Energy systems in Singapore and the Philippines

Singapore is considering various aspects of shifting to renewable energy supplies from fossil fuels-based electricity sources. Among the existing waste-to-energy practices in Singapore is the use of biogas. This energy alternative would achieve the biggest environmental benefits for the country (Quek, et al., 2018). Tong et al. (2018) also concluded that the energy recovery of food wastes and brown water, which produce biogas, pose positive potential for the environment, without a large land area needed. The appropriateness of biogas in Singapore is also backed-up by Heng (2017) by presenting the first poultry farm which generates biogas for its own energy needs. Waste products such as chicken manure and used water are recycled for other farm needs or being treated for biogas production. This enables the farm to be self-sufficient and sustainable.

In reviewing renewable energy sources that could potentially work in the Philippines, one also needs to look at the poverty situation and status gaps in the country. There could be opportunities for optimizing greater returns to communities while responding to the telling realities of the people. One example of an initiative that pioneers a way how to incorporate social benefits is the Green Island project in Palawan, Philippines (Roxas & Santiago, 2016). It is a hybrid powerplant established by a public-private partnership. The device is composed of a biomass gasifier that runs an ice machine and a water desalination system, with a wind turbine and solar panel array. The powerplant provides uninterrupted power supply to communities at a lesser cost. The ice machine sells ice to fisherfolks, preserving catch before they bring it into markets. The desalination system brings affordable, fresh water to the residents. Whilst addressing the lack of electricity in the community, the Green Island project also delivers better livelihood and health impacts to the locals. This meets the sustainability standards that the country attempts to achieve. Nevertheless, a big part of the country still relies on fossil fuels. The utilization of coal is widespread because it is cheaper and more stable in supplying energy (Marquardt & Delina, 2019), even with the concerns of negative health and environmental impacts. The widespread understanding remains that renewable energy sources will only cost higher than the already existing source.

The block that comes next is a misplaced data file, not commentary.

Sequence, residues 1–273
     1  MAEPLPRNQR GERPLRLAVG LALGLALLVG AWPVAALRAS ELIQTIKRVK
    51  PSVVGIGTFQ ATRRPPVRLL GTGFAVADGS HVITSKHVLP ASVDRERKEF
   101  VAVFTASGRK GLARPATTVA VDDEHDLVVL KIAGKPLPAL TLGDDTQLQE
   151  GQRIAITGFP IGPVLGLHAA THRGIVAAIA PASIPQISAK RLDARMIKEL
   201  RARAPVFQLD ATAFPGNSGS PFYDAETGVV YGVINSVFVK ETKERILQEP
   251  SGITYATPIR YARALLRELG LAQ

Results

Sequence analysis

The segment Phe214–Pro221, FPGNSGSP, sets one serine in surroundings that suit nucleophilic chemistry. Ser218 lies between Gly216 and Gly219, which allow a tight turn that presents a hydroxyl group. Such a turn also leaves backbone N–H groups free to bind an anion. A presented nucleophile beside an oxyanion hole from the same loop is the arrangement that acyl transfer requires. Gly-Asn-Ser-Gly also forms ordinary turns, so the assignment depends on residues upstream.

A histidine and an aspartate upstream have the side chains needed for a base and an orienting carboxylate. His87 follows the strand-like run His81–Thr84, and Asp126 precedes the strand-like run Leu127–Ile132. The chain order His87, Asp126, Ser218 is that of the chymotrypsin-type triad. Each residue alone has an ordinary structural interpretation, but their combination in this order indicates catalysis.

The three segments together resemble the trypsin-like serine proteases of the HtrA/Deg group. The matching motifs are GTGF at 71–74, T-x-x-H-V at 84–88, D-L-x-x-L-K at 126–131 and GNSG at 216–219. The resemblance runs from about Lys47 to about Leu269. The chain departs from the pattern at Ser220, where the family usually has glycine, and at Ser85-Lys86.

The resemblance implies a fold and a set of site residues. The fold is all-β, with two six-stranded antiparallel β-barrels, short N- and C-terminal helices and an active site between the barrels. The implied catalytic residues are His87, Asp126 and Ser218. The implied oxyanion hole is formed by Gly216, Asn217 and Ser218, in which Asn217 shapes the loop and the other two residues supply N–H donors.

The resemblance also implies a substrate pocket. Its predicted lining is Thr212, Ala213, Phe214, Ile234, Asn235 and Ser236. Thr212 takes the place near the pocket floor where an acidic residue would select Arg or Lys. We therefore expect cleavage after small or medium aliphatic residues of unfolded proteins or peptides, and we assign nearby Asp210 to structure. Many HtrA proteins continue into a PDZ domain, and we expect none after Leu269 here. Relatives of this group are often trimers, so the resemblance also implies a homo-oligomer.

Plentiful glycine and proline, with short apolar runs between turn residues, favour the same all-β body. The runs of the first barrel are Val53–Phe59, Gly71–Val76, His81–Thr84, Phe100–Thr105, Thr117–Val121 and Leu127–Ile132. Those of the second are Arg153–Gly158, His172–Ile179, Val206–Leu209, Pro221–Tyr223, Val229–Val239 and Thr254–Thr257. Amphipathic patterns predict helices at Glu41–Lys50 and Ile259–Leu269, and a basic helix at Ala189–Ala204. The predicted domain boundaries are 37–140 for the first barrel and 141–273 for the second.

Conclusion and policy recommendations

Sustainability transition is such a complex case, considering how systems change in extraordinary, sometimes turbulent, ways. Science and society must study the socio-political narratives surrounding a given country to grasp the complexity of the dominant realities and contexts interacting in the grid (Wieczorek, 2018). For Singapore and the Philippines, the landscape and processes are unique. Actors involved in transition-related activities also vary. Both countries have historical economic and environmental narratives. The rate at which Singapore and the Philippines progress and evolve to meet economic demands and global sustainability standards is a difficult subject, with restricting comparative analyses criteria. When dealing with issues in the Philippines, it is certainly difficult to avoid the dimensions of poverty as this certain topic extends across varying sectors. Likewise, even if Singapore has the financial competence to implement technological innovations, the country continues to struggle with its territory size limitations. As the examples listed for both countries are locally oriented, the angle of grassroots communities is essential when concretizing national agendas. To conclude, I would like to state two main policy recommendations that are both relevant for Singapore and the Philippines.

First, the creation and implementation of sustainable policies should be evidenced by a clear connection to the current issues. The policies should be grounded on the differences in innovative potentials of countries in terms of industrial and technological specializations (Hansen & Coenen, 2014). With a strong recognition of the present landscape, the process of crafting policies will be appropriately directed toward the most suitable solutions. Second, allocate ample support to local actors and grassroots communities, utilizing modern tools and channels. People belonging to these groups are not only equipped with practical viewpoints but are also well-versed to determine what works and what does not. The investments in local talents and capital will not only better the lives of most people but will also help in executing equitable sustainability measures. As observed in more successful transition pathways, the role of political actors is significant in the process of achieving sustainability transition (Bai et al., 2010). With the impact and extensiveness of sustainability challenges these two countries are confronting today, sustainability transition makes greater relevance and should be included in national priorities.